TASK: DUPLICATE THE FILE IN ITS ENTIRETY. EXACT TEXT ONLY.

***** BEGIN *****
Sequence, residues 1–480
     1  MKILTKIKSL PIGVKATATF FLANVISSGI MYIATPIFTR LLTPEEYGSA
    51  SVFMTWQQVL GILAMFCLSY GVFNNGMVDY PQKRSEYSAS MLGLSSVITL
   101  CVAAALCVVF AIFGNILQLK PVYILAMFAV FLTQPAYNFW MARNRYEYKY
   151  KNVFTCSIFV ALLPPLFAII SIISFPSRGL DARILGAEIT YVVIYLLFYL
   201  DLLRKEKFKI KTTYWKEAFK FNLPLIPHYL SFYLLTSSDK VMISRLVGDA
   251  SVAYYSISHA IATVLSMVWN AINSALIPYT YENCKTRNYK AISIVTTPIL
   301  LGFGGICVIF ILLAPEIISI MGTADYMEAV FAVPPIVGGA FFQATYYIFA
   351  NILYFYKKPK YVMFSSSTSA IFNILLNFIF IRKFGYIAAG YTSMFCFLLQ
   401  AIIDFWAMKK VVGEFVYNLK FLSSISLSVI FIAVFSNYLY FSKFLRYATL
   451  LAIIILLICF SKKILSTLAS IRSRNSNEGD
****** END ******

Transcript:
Sequence, residues 1–480
     1  MKILTKIKSL PIGVKATATF FLANVISSGI MYIATPIFTR LLTPEEYGSA
    51  SVFMTWQQVL GILAMFCLSY GVFNNGMVDY PQKRSEYSAS MLGLSSVITL
   101  CVAAALCVVF AIFGNILQLK PVYILAMFAV FLTQPAYNFW MARNRYEYKY
   151  KNVFTCSIFV ALLPPLFAII SIISFPSRGL DARILGAEIT YVVIYLLFYL
   201  DLLRKEKFKI KTTYWKEAFK FNLPLIPHYL SFYLLTSSDK VMISRLVGDA
   251  SVAYYSISHA IATVLSMVWN AINSALIPYT YENCKTRNYK AISIVTTPIL
   301  LGFGGICVIF ILLAPEIISI MGTADYMEAV FAVPPIVGGA FFQATYYIFA
   351  NILYFYKKPK YVMFSSSTSA IFNILLNFIF IRKFGYIAAG YTSMFCFLLQ
   401  AIIDFWAMKK VVGEFVYNLK FLSSISLSVI FIAVFSNYLY FSKFLRYATL
   451  LAIIILLICF SKKILSTLAS IRSRNSNEGD